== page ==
What is the 2023 FERS COLA for Federal Retirees?
In response to runaway inflation, the federal government will increase benefits for retirees under the Federal Employees Retirement System (FERS) by 7.7 percent in 2023.
Retired federal civilian employees covered by the Civil Service Retirement System (CSRS) will see an 8.7 cost-of-living adjustment, and social security benefits will increase by the same margin.
If you’re among the millions of retired federal workers covered by these programs, you’re probably wondering how this will affect your FERS retirement benefits.
This guide will answer all your questions about the 2023 FERS COLA, including how the COLA is calculated, the differences between FERS and CSRS, and other important info. fe
The Largest FERS Increase in 40 Years
The federal government adjusts FERS benefits annually to ensure retirement benefits keep pace with inflation. In 2022, prices have surged across the board, with significant increases in several categories of essential goods, including utilities, food, and rent.
To ensure retirees can afford basic necessities, the federal government has approved the largest COLA in four decades.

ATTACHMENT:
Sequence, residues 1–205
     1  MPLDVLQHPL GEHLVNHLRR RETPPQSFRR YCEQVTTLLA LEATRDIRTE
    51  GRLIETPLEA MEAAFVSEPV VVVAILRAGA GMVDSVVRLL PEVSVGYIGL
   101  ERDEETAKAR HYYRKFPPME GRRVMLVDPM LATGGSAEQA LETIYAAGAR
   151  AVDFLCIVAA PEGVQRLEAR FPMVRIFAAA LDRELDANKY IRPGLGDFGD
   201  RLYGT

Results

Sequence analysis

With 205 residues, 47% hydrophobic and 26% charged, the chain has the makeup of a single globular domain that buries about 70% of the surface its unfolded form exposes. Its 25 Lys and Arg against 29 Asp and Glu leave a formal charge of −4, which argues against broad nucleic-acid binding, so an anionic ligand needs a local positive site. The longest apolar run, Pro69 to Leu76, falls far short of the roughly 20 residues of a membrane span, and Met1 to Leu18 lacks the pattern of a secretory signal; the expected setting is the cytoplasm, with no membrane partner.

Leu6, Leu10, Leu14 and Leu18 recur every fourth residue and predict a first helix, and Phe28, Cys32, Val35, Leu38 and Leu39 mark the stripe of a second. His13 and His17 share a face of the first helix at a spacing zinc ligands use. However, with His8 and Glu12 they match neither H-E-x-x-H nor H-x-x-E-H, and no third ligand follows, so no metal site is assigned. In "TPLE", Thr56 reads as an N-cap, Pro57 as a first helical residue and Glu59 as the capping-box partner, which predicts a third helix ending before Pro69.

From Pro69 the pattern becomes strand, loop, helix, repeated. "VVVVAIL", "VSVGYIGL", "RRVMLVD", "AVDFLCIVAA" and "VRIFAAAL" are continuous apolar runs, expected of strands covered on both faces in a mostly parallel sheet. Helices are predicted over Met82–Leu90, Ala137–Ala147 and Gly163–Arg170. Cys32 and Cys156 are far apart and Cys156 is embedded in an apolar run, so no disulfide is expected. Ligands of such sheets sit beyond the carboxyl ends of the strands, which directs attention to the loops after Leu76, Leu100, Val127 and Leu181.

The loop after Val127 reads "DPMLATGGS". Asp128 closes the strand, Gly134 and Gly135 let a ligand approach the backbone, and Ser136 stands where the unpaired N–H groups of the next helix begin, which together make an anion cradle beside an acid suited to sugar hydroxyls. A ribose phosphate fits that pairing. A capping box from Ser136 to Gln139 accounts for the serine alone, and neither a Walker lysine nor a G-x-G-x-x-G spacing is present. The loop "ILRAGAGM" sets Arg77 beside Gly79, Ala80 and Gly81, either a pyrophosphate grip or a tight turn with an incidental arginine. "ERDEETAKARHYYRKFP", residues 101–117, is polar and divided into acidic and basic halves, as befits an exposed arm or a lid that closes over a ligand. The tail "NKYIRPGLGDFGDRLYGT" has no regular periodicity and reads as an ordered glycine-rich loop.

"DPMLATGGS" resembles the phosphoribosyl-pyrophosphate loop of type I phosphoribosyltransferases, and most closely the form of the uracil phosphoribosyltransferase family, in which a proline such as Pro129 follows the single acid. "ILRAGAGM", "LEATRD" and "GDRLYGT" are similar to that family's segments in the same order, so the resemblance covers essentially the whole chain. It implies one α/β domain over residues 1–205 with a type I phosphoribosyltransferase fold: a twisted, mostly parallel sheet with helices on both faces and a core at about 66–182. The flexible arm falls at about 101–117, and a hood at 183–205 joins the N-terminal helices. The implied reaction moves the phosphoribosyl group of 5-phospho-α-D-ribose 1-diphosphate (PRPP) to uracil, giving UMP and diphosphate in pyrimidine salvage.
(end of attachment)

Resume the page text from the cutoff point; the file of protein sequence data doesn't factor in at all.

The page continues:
Economic analysts forecast global inflation for 2022 will average nearly 9 percent. However, according to the International Monetary Fund, consumers will likely get some relief in the coming years, as global inflation is expected to drop to 6.5 percent by 2023 and to 4.1 percent by 2024.
Not Everyone Will Receive a FERS COLA Bump
Retirees under the Federal Employees Retirement System younger than 62 on Dec. 1, 2022, will not receive a COLA this year. However, you will receive a COLA if you are younger than 62 if you belong to one of the following groups:
- FERS disability annuitants
- People retiring under provisions for special classes of federal employees, such as law enforcement officers, firefighters, and air traffic controllers
- Spouses, former spouses, and insurable interest survivor annuitants
How is the FERS COLA calculated?